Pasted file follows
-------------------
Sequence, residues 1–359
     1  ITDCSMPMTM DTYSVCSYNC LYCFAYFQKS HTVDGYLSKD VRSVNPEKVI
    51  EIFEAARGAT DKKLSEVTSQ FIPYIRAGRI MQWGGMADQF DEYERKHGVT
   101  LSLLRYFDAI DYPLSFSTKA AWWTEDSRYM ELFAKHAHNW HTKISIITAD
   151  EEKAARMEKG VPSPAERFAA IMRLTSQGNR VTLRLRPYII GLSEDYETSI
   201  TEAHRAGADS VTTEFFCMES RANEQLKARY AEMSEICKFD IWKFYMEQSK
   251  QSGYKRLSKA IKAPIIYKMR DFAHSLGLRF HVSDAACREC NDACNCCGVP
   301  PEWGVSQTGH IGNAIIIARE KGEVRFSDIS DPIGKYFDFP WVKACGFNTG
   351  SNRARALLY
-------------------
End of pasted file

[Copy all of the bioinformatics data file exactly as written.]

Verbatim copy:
Sequence, residues 1–359
     1  ITDCSMPMTM DTYSVCSYNC LYCFAYFQKS HTVDGYLSKD VRSVNPEKVI
    51  EIFEAARGAT DKKLSEVTSQ FIPYIRAGRI MQWGGMADQF DEYERKHGVT
   101  LSLLRYFDAI DYPLSFSTKA AWWTEDSRYM ELFAKHAHNW HTKISIITAD
   151  EEKAARMEKG VPSPAERFAA IMRLTSQGNR VTLRLRPYII GLSEDYETSI
   201  TEAHRAGADS VTTEFFCMES RANEQLKARY AEMSEICKFD IWKFYMEQSK
   251  QSGYKRLSKA IKAPIIYKMR DFAHSLGLRF HVSDAACREC NDACNCCGVP
   301  PEWGVSQTGH IGNAIIIARE KGEVRFSDIS DPIGKYFDFP WVKACGFNTG
   351  SNRARALLY